Update: On October 6, 2015, the US Supreme Court, without comment, declined to hear this case. Because the Supreme Court rejects the vast majority of petitions for cert., I wouldn’t read too much into this. Of course, if at least four Justices had wanted to revisit the historical exemption, they could have done so.

You might also enjoy Luke Hasskamp’s series on baseball and antitrust:

Part 1: Baseball and the Reserve Clause.

Part 2: The Owners Strike Back (And Strike Out).

Part 3: Baseball Reaches the Supreme Court.

Part 4: Baseball’s Antitrust Exemption.

Part 5: Touch ’em all, Curt Flood.

Why is There a Baseball Exemption from the Antitrust Laws?

In the 1920’s, the Supreme Court decided a case called Federal Baseball Club of Baltimore v. National League of Professional Baseball Clubs, which held that the Sherman Act didn’t apply to the business of baseball because such “exhibitions” are purely state affairs. As Judge Kozinski explained, the reasoning behind the Supreme Court’s decision reflected the “era’s soon-to-be-outmoded interpretation of the Commerce Clause.” In other words, back in the day, courts didn’t assume that almost every economic activity was within federal jurisdiction.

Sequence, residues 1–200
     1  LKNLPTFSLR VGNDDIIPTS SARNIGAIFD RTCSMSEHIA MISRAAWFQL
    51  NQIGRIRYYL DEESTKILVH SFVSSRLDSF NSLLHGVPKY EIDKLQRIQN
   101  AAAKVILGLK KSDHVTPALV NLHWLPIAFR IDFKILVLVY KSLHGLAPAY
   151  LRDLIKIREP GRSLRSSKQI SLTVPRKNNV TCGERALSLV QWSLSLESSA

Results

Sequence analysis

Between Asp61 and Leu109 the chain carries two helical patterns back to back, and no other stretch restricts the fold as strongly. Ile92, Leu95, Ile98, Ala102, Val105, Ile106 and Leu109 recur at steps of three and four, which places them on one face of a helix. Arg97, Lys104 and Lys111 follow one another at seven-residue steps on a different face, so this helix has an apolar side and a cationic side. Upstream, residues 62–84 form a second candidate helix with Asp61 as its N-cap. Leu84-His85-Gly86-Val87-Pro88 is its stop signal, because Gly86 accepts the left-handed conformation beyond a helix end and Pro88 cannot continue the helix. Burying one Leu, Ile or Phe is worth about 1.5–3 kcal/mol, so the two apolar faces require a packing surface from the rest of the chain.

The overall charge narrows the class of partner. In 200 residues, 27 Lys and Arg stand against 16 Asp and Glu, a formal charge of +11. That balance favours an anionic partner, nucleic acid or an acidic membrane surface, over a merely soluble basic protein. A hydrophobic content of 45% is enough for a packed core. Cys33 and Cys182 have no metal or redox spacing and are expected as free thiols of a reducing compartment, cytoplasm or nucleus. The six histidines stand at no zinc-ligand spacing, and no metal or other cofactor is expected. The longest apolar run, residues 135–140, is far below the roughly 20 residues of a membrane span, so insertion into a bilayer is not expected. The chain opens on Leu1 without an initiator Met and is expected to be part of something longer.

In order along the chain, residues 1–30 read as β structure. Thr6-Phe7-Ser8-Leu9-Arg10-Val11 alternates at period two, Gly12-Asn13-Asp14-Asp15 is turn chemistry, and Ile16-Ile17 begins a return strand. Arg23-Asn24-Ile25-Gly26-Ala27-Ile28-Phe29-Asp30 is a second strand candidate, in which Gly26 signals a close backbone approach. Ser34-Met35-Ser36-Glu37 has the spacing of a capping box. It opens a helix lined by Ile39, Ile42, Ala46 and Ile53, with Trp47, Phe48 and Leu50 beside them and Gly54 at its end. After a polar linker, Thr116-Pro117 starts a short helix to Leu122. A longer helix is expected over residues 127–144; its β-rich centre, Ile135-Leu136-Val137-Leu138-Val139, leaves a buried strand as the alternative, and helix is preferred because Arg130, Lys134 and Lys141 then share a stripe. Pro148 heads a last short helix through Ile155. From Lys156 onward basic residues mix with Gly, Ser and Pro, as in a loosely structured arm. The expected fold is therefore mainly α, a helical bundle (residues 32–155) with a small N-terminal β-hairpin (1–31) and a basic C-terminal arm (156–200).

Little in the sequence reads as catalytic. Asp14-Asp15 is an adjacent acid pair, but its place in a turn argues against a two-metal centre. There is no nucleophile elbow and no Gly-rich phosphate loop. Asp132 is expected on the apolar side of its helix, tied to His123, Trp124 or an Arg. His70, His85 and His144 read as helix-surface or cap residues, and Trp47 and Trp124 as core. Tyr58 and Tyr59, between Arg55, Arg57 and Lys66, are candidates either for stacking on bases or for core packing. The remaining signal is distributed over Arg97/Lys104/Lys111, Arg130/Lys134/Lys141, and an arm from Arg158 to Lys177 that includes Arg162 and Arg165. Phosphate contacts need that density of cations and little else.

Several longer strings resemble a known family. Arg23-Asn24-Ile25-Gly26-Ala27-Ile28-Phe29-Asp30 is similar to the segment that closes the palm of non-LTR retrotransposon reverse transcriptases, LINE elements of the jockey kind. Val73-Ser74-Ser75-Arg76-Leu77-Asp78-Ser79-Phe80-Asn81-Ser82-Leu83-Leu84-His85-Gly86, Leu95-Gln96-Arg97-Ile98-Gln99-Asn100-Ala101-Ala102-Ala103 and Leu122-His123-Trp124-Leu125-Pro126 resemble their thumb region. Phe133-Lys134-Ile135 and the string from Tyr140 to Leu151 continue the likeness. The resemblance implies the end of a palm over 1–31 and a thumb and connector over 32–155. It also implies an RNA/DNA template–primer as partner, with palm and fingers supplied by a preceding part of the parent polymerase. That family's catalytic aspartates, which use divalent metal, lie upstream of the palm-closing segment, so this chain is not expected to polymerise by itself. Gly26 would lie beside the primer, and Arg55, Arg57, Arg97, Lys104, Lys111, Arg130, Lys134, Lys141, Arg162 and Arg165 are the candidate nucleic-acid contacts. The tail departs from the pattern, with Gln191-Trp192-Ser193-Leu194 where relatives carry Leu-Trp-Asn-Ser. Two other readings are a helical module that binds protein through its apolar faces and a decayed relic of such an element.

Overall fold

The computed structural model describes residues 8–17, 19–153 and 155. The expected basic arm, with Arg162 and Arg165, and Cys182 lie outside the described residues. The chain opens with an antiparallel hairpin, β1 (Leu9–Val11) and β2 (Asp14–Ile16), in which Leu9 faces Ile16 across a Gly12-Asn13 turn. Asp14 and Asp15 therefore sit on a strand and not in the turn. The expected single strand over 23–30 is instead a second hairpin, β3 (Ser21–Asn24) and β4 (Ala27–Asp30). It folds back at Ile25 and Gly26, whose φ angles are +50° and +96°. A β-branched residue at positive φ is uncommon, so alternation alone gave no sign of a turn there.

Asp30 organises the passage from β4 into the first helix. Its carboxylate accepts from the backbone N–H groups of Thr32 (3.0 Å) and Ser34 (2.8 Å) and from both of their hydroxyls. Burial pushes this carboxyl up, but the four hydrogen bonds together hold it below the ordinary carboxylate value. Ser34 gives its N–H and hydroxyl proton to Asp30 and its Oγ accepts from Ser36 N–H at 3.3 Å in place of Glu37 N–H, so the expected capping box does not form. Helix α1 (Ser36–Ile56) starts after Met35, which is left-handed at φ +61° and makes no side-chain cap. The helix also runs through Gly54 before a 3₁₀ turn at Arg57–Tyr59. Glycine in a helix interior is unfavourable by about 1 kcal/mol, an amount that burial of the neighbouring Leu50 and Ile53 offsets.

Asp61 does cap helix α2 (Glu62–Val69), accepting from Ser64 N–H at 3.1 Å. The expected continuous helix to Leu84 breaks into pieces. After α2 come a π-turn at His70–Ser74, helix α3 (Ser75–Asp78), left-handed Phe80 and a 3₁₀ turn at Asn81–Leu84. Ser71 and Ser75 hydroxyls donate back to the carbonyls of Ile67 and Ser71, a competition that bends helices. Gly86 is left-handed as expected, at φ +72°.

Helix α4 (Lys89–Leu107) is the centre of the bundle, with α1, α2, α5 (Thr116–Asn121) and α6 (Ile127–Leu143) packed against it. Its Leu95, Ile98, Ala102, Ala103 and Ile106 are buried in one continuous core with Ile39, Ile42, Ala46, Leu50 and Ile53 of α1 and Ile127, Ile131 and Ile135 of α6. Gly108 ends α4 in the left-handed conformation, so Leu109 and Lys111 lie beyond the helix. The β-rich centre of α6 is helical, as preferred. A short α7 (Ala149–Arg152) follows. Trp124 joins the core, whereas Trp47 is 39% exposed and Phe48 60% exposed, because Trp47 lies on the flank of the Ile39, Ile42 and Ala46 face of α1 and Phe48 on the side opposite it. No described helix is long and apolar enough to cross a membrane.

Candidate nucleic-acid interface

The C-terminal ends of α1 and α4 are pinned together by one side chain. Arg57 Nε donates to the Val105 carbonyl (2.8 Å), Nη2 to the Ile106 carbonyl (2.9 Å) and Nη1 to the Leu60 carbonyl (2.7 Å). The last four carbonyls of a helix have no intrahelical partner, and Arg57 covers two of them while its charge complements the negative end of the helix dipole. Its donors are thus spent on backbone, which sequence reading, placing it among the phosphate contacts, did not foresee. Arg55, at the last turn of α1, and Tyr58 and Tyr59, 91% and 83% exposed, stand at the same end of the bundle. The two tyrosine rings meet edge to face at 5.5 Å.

Thirty-years later in Toolson v. New York Yankees, Inc., the Supreme Court affirmed Federal Baseball on different grounds. The Court recognized that the Commerce Clause reasoning no longer applied, but observed that despite the Federal Baseball governing law that the federal antitrust laws don’t apply to baseball, Congress hasn’t legislated to the contrary. So it left the baseball exemption.

Finally, in 1972, the Supreme Court decided the Classic Antitrust Case of Curt Flood v. Kuhn, which is the famous baseball exemption case. The Court specifically addressed baseball’s reserve clause, which essentially prohibited free agency. When a player’s contract ended, the team still retained the player’s rights. Once again, the Supreme Court upheld the baseball exemption based upon Congress’ inaction.

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American Needle (Football)

Author: Jarod Bona

When you think about Sherman Act Section 1 antitrust cases (the ones involving conspiracies), you usually consider the question—often framed at the motion to dismiss stage as a Twombly inquiry—whether the defendants actually engaged in an antitrust conspiracy.

But, sometimes, the question is whether the defendants are actually capable of conspiring together.

That isn’t a commentary on the intelligence or skills of any particular defendants, but a serious antitrust issue that can—in some instances—create complexity.

So far I’ve been somewhat opaque, so let me illustrate. Let’s say you want to sue a corporation under the antitrust laws, but can’t find another entity they’ve conspired with so you can invoke Section 1 of the Sherman Act (which requires a conspiracy or agreement). How about this: You allege that the corporation conspired with its President, Vice-President, and Treasurer to violate the antitrust laws. Can you do that?